Was justice really served? What is justice, anyway? Can a black defendant accused and convicted of killing a white girl receive justice? More to the point, does this manner of death serve Justice in any way?* What objective “balance of suffering” is maintained, and if there isn’t one, why should we even try to maintain it? Are the people who are just fine with this also fine with the very shady way in which the choice of method has been made? Probably, the lives of the convicted (especially if they’re convicted and brown) are cheap, and their suffering is invisible. The only way that Clayton Lockett’s death, strapped down to a gurney in the antithesis of an operating theater, convulsing in agony, does not make the universe a better place. There is an argument to be made that the death of someone who rapes and kills might make it a less crappy place, I’m not going to tackle that one right now, except perhaps tangentially. What I will say is that suffering, whether intentional or merely a by-product, does not contribute to producing that elusive and ill-defined thing we call “justice.” Lockett’s agony did not ease any of Stephanie Neiman’s suffering that we can tell. What it does do is feed the desire for vengeance and spectacle. Neiman’s parents got to see the Lockett’s horrible death, and it apparently eased their minds a little. I don’t think that’s a good thing, to consider that old exchange of agony for agony in any way just or healing. It feeds the desire to make an example of some “other,” while establishing the value of “your people” over that “other.” Never mind that the other group will not learn the lessons the authorities hope they will,** the demonstration of who has the power to do horrible things to others has played out, and the system built on that violence stands relatively unscathed. The vengeance machine has paused, but is not broken. There will be another family that calls for blood, and another (or the same) set of authorities to oblige them.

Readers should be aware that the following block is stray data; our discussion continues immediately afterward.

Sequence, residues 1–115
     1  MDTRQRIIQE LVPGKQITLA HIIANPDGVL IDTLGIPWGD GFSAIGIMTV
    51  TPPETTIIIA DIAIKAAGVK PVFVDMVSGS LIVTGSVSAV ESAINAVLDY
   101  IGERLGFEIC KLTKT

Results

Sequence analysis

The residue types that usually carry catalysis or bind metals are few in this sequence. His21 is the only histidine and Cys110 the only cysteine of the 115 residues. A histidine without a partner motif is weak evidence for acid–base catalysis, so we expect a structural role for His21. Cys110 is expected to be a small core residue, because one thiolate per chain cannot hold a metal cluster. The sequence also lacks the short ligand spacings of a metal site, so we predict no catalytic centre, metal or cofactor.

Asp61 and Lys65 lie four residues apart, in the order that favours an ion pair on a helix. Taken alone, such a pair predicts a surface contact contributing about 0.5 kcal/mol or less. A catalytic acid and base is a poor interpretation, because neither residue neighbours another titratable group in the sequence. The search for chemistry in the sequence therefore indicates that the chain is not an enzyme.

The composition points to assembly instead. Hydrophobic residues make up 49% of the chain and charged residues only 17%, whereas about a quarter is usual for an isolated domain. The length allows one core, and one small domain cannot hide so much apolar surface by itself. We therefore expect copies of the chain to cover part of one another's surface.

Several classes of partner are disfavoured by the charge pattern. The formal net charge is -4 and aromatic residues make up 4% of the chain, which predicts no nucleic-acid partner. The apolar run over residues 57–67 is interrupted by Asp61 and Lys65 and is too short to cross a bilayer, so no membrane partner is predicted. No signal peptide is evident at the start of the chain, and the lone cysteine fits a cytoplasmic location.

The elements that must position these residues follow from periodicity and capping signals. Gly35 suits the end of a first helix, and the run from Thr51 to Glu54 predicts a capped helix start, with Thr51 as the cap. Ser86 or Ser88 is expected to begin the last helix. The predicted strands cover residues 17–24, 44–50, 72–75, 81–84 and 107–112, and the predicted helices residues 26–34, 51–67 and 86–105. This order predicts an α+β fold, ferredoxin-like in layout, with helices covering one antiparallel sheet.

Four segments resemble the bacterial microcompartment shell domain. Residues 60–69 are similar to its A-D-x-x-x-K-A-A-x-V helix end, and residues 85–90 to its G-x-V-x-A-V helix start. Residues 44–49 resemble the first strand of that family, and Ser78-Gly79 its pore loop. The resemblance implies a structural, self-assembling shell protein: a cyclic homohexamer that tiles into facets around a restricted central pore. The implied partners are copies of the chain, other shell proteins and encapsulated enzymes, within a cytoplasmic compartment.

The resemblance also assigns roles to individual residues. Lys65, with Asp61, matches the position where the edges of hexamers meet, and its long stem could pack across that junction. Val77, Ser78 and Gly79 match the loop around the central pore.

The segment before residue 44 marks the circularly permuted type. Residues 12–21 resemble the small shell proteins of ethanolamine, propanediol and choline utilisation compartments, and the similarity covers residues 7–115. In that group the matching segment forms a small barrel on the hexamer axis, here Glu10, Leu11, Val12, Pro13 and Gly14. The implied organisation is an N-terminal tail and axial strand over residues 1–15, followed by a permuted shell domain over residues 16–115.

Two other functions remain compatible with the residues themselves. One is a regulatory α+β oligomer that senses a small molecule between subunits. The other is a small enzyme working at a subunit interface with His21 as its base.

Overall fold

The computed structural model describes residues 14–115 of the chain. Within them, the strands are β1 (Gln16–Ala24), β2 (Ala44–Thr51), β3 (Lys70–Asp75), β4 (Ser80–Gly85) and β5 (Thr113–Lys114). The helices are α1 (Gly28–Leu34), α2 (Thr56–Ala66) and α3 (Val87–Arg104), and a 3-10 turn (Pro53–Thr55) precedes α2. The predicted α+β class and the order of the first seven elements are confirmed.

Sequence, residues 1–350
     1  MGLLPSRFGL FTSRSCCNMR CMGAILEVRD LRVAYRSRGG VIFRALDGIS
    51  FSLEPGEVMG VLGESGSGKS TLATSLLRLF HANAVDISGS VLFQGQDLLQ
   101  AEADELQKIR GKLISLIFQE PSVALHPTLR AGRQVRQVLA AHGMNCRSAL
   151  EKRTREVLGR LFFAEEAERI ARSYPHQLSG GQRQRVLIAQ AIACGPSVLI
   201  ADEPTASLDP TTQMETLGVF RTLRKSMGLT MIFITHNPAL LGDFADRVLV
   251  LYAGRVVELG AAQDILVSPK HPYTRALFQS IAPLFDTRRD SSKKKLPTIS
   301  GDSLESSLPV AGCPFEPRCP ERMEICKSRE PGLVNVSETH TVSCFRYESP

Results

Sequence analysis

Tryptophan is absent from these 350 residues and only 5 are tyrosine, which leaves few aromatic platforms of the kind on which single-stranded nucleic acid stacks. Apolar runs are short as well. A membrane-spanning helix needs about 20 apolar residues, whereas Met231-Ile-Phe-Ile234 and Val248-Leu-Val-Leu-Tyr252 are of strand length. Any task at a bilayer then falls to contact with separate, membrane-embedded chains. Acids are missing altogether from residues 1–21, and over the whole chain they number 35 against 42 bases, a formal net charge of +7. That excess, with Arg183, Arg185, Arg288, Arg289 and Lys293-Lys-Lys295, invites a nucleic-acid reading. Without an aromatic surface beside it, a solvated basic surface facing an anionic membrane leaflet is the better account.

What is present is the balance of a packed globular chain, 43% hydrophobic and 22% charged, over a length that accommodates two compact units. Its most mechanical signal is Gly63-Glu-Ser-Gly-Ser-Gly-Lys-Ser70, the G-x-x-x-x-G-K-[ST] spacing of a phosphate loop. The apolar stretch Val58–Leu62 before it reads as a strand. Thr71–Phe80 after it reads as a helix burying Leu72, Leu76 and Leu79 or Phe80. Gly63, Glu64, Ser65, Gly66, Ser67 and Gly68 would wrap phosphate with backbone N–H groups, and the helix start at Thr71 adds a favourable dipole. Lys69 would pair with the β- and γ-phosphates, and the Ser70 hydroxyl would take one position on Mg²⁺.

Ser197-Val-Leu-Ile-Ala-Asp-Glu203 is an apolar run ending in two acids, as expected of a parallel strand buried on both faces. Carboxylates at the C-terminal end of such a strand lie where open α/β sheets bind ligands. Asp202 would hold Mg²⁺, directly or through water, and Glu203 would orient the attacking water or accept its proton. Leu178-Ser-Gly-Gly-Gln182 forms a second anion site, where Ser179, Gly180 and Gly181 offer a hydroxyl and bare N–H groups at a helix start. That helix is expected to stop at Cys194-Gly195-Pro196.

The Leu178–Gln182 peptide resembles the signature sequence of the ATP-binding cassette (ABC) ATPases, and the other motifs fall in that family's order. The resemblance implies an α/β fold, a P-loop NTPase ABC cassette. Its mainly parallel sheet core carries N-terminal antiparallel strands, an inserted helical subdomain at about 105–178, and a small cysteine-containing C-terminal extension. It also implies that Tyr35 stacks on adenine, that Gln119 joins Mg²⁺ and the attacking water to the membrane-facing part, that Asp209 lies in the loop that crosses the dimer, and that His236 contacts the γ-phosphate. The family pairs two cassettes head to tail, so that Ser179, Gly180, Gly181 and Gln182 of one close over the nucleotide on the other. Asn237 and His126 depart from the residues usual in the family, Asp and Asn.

Whatever Justice is, I’m pretty sure that integrity and honesty are integral to it, especially to ourselves. So do ask yourself the question, and answer it honestly: how do you feel about this death, would you feel differently if he had been a she, had been white, or both? Would you feel disappointment if you’d known this gruesome death was a possibility, but instead he died (relatively) peacefully? What does this death serve (or harm) inside you that isn’t Justice, and how do you feel about it? Are we even looking at the question of “how do we help the surviving family and community heal from the horror that was done to Stephanie Neiman, and stopping the (hopefully correctly) convicted suspect from raping and killing again,”*** or are we taking the easy way out and feeding our basest desires?

Be honest before you attempt to speak about whether justice was done.

* I like that they published the chosen “last meals.” Nice cherry on top of this Kafkaesque story.
** I’m pretty sure the only message received is that the suffering of people who can identify in any way with Lockett is not a major concern to anyone in the state of Oklahoma.
*** The question of the correctness of the conviction is moot to both Neiman and Lockett now, and they won’t be doing anything at all except decomposing. In that sense a sort of balance has been achieved, but to what end?